4. This was not just the case of a young man that ate too much. This is not the case of your average drunk. This was a young man who thought he would be a leader someday, but he was out of control, totally unhinged, totally self-centered, sliding rapidly down a spiral that lead to disaster for others in his future. The degree of rebellion described was extreme.

For a young man, there is something intoxicating about proving his power by challenging those in authority. He is drawn to a quick route to power, a route that bypasses the years of discipline required by the standard plan of community approval. But someone who chose to forcibly take power that he had not yet earned was not fit to lead, rather he was a danger to the community.

What Did this Teach?

It taught parents to train their children well so they would be good leaders someday. It taught parents to catch bad habits when they were small rather than waiting till they got big. It taught children to realize that they could not think only about themselves. It taught everyone that God’s holiness places serious demands on us and He wants us to avoid bigger problems in the future. It taught that there are no God-approved routes to leadership that are quick, forceful, self-centered, or that bypass the slow, steady acquisition of self-discipline.

We don’t know of any case in which this was actually done, and apparently, neither do the Jewish Rabbis. Hopefully this means that, since they did not want to follow through with this, they took seriously their responsibility of training future leaders. At the same time, there needs to be a balance here because sometimes children are rebellious despite the efforts of their parents. However, those children need to change before they can be given leadership responsibilities.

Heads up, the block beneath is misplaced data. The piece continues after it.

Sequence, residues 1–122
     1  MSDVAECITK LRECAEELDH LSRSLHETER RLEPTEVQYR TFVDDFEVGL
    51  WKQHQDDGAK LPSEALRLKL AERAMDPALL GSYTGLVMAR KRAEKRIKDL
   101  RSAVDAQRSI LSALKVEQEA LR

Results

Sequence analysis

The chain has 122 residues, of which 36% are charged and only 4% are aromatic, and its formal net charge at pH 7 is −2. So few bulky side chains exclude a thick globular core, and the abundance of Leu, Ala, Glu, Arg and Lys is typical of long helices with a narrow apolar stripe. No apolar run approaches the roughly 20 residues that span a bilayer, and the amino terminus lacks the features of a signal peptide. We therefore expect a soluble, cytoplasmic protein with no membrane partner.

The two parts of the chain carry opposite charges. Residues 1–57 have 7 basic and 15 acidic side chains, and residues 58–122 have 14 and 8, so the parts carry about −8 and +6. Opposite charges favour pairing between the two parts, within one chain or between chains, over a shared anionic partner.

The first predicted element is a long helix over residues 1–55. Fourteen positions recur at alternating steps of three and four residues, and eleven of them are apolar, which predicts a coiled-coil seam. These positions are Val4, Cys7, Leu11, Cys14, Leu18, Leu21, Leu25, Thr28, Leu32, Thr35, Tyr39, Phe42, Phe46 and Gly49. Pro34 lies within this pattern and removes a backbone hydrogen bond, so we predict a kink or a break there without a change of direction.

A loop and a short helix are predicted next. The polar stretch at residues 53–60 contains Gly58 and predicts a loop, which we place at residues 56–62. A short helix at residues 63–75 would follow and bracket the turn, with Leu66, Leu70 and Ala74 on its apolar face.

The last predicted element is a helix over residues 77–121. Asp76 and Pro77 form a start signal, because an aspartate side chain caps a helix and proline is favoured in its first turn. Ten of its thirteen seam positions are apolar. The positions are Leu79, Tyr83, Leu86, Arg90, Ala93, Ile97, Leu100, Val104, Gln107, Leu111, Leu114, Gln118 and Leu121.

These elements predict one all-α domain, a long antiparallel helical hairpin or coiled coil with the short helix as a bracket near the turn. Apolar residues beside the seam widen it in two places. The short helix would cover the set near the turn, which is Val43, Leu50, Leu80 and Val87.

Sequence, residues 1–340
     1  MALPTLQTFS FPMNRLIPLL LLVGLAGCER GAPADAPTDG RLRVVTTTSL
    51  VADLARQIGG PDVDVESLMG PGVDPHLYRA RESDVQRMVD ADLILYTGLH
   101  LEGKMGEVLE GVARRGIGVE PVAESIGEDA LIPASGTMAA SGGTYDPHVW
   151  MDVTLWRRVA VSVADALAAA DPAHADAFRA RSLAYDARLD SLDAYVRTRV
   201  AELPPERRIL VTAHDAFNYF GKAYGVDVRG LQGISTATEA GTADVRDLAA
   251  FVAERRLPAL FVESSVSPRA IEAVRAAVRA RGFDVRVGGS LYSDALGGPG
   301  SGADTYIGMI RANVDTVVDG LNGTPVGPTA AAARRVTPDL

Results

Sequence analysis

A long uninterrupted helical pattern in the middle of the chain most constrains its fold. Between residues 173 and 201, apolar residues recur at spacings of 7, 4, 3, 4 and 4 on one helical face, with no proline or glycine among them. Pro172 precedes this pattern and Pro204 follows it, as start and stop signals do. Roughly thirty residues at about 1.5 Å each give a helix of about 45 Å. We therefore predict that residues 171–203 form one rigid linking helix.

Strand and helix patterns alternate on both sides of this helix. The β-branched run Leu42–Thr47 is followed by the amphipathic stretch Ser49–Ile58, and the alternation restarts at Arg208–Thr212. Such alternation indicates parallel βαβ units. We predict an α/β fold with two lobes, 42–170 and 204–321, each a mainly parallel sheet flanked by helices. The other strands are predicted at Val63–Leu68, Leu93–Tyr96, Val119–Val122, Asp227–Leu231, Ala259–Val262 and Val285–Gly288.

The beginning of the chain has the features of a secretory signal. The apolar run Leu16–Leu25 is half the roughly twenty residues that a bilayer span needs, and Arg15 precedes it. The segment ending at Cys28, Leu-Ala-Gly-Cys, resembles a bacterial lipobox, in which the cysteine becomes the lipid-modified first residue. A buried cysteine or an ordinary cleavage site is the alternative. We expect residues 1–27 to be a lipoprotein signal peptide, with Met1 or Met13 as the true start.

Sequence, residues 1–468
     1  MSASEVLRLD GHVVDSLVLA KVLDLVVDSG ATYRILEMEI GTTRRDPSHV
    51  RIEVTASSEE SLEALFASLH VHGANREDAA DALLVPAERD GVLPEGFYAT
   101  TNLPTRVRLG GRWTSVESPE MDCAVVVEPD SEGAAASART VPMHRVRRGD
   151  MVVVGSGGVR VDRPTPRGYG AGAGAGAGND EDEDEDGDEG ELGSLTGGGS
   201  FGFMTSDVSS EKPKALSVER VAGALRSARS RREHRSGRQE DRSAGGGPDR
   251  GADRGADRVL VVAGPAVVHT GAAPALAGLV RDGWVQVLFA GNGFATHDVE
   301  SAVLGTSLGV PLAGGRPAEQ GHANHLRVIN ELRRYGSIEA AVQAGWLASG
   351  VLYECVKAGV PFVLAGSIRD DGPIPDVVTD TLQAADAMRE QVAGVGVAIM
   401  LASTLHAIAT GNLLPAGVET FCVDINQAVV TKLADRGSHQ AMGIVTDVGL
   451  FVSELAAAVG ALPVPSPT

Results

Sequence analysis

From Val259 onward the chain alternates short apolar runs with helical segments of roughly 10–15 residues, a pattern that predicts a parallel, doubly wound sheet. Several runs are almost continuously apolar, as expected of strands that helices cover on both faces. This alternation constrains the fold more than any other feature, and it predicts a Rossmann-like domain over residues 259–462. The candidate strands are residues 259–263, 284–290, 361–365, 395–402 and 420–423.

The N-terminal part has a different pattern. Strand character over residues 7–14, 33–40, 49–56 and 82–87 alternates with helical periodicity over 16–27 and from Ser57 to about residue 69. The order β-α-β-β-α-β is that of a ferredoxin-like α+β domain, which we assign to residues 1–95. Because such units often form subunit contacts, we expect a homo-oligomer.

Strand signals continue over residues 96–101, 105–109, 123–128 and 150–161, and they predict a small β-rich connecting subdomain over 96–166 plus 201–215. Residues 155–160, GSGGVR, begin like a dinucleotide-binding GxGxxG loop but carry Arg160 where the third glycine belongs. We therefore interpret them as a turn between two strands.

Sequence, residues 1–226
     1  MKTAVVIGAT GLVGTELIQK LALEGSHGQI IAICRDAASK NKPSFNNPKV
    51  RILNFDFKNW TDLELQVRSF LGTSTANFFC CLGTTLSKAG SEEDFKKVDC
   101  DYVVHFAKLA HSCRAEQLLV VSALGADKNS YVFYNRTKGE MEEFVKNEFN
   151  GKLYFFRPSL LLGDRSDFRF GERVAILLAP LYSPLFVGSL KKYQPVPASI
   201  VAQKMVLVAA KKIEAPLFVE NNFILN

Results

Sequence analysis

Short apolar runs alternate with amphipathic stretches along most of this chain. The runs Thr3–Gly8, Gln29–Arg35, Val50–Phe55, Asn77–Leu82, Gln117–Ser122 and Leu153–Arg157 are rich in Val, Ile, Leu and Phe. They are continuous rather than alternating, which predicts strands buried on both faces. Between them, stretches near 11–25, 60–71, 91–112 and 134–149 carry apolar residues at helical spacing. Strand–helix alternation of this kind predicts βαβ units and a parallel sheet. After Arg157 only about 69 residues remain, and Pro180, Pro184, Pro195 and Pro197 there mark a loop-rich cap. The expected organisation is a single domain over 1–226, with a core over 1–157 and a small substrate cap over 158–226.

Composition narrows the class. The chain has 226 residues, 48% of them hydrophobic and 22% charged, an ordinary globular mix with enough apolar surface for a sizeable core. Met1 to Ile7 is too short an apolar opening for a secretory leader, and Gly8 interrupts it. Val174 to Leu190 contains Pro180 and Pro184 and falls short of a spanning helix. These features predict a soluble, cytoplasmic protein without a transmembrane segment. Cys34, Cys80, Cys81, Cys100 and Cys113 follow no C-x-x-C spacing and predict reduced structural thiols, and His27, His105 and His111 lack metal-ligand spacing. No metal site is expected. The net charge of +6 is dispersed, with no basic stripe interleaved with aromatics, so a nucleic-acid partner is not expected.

The alternative to stoning him while young was for no father to give him a daughter as a wife, and then the community would have to deal with an angry troublemaker who would eventually earn himself the death penalty anyway. But how much death and destruction would he cause first? God was saying that it is better to deal with the problem early. This law was not primarily an indictment on the parents, rather it was a motivation for parents and a way to protect the community from an obvious, looming danger.

Although that command sounds very strange to us today, there are some principles in it that we should not ignore.

The next lesson in the full series on Covenants is: Tattoos.

The next lesson in Why Is That in the Bible? is: Why So Much Blood?



What I have rendered as “stubbornly rebellious” means “to be stubborn, to be rebellious, or to turn away.” It is usually translated as “stubborn or rebellious.” But the very next word means rebellious as well. The two together either mean “stubborn and rebellious” or point to two types of rebellion, “stubbornly rebellious and provocatively rebellious.”


This word, usually translated as “glutton,” comes from a root word meaning “down.” It refers to someone sliding further and further down into the habits of gluttony, squandering and in general not caring about the value of things.


The word I and most people translate as “purge” really means to “burn or consume with fire.” It is a very strong word. Since evil is not a physical object that can be burned, “purge” is the best rendering of it.